“We are outraged at Trump’s tweet,” Denise Hulett, the group’s national senior counsel, said in a statement. “The Census Bureau must immediately commit to counteract his statements with the truth — that the citizenship question will not be on the census.”

Three separate federal courts — in Manhattan, Maryland and California — have ruled that the Commerce Department violated federal procedural law and the Constitution in hastily tacking the citizenship question onto the census last year. The Supreme Court upheld the Manhattan ruling last week.

Separately, an appeals court has ordered the Maryland case reopened to consider new evidence on a third charge: that Mr. Ross’s decision to add the question amounts to intentional discrimination against Hispanics, who are considered most likely to be undercounted out of fear of the consequences of revealing their citizenship status or the status of people who live with them. About one in 10 American households includes at least one noncitizen.

Judge George J. Hazel of the United States District Court, who is overseeing the Maryland lawsuits, unexpectedly summoned lawyers in the case to a conference call on Wednesday afternoon, Ms. Hulett said. Judge Hazel later ordered the Trump administration to confirm by Friday afternoon that it is not placing the citizenship question on the census questionnaire, lawyers for plaintiffs in the case said.

Read the Transcript of the Conference Call

A transcript of a call with Judge George Hazel and the lawyers in a Maryland court case about the proposed citizenship question on the 2020 census. (PDF, 15 pages, 0.11 MB)

Absent that confirmation, the judge said, the Maryland lawsuit will continue.

Attorney General Letitia James of New York, whose office headed the census lawsuit that led to the Supreme Court ruling last week, dismissed Mr. Trump’s statement as “another attempt to sow chaos and confusion.”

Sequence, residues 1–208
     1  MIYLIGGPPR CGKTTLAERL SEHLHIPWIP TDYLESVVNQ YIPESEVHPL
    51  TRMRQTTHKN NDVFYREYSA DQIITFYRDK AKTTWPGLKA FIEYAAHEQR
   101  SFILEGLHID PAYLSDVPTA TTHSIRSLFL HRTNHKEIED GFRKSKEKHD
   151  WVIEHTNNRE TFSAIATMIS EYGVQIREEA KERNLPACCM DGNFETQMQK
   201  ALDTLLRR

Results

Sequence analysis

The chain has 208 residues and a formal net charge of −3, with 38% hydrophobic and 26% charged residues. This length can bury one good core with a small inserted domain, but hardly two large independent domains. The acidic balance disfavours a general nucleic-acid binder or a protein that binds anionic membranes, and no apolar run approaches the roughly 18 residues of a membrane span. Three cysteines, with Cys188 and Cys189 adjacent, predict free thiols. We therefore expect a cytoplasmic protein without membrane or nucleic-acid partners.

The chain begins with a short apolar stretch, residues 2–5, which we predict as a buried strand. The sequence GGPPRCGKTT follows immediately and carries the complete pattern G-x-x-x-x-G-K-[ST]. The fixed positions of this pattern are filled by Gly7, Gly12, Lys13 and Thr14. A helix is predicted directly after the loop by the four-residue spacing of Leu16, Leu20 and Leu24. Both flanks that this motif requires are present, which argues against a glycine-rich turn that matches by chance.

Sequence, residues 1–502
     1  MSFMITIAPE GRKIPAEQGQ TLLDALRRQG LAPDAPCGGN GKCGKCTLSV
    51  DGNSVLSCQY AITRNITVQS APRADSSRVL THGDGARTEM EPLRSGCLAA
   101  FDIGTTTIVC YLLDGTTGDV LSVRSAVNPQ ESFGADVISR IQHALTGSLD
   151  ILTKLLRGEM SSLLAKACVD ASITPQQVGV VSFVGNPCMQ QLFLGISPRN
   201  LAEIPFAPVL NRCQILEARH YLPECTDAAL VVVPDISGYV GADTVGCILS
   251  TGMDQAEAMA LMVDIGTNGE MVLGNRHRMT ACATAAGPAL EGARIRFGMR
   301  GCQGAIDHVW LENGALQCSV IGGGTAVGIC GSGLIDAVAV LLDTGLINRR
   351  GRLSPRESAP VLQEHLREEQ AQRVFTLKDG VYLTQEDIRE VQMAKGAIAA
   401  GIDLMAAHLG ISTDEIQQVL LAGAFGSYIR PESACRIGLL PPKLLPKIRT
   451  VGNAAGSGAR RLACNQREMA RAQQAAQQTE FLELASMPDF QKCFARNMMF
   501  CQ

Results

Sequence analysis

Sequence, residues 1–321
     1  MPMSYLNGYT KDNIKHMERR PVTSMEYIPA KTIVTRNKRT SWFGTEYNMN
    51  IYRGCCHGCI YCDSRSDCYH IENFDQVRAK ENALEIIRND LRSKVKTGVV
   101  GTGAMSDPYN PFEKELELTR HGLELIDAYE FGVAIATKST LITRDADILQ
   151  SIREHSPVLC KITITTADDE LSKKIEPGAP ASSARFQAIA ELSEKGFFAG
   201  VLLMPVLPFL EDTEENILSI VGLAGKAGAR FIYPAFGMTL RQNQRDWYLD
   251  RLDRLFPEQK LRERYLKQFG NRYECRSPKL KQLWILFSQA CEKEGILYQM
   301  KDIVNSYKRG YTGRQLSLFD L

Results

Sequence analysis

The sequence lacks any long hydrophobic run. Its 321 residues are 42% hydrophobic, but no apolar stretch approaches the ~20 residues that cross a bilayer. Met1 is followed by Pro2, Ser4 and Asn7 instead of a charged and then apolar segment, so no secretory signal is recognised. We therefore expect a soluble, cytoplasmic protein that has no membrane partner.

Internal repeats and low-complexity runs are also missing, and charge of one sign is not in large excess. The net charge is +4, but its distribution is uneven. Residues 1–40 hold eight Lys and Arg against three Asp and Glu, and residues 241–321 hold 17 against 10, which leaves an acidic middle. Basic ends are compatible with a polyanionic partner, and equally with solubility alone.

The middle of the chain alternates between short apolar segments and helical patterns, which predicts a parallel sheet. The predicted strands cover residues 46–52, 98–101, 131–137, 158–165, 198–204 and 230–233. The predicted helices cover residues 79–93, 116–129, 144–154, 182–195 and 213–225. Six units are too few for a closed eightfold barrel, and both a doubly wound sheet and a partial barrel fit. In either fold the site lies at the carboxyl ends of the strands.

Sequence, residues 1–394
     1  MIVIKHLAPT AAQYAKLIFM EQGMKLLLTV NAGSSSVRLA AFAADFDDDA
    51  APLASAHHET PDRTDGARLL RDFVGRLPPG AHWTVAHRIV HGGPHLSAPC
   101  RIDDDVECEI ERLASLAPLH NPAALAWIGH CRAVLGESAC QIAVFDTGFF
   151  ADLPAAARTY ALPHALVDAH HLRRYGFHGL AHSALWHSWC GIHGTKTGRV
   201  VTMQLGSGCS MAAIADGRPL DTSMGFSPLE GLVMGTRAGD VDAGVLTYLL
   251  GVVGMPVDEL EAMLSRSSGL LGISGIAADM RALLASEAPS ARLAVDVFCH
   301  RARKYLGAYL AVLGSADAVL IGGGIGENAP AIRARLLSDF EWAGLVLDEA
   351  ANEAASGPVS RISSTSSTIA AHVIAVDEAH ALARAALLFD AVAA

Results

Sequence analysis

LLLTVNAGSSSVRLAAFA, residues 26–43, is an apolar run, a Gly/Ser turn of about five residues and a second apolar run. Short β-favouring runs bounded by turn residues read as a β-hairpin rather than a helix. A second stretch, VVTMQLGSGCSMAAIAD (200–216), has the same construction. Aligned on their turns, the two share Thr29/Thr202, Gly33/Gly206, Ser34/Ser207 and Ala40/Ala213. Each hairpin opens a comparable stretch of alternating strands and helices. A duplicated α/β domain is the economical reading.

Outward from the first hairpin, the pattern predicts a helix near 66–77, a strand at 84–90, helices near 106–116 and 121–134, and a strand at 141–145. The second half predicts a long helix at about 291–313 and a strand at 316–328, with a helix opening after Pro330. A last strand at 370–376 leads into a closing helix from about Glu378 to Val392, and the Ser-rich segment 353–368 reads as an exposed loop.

The Supreme Court of the United States has spoken, and Trump’s own Commerce Department has spoken,” she said in a statement. “It’s time to move forward to ensure every person in the country is counted.”

The federal district judge in Manhattan overseeing that lawsuit, Jesse M. Furman, ordered the Justice Department on Thursday to brief him on the conference with Judge Hazel so he can decide whether a similar conference is needed in the Manhattan case.

Mr. Trump’s statements directly contradicted both the Justice Department and the Commerce Department, which had stated in writing that the next census will not include a question on citizenship.

Mr. Ross said in a statement on Tuesday that “the Census Bureau has started the process of printing the decennial questionnaires without the question.” And in a teleconference on Tuesday conducted by Judge Hazel, Justice Department lawyers confirmed that the government would take no further legal steps to add the citizenship question to the questionnaire.

Regulatory and legal experts largely agree that the administration’s chances of retaining the question were exceedingly dim in the wake of the Supreme Court’s decision to block it.

The administration itself had argued to the justices only this month that legal challenges to the question had to be resolved because the printing of census forms could not be delayed past early July. But the only avenue the court left open to restoring the question — producing and winning approval of a new explanation justifying it — would have taken weeks, if not months, to complete.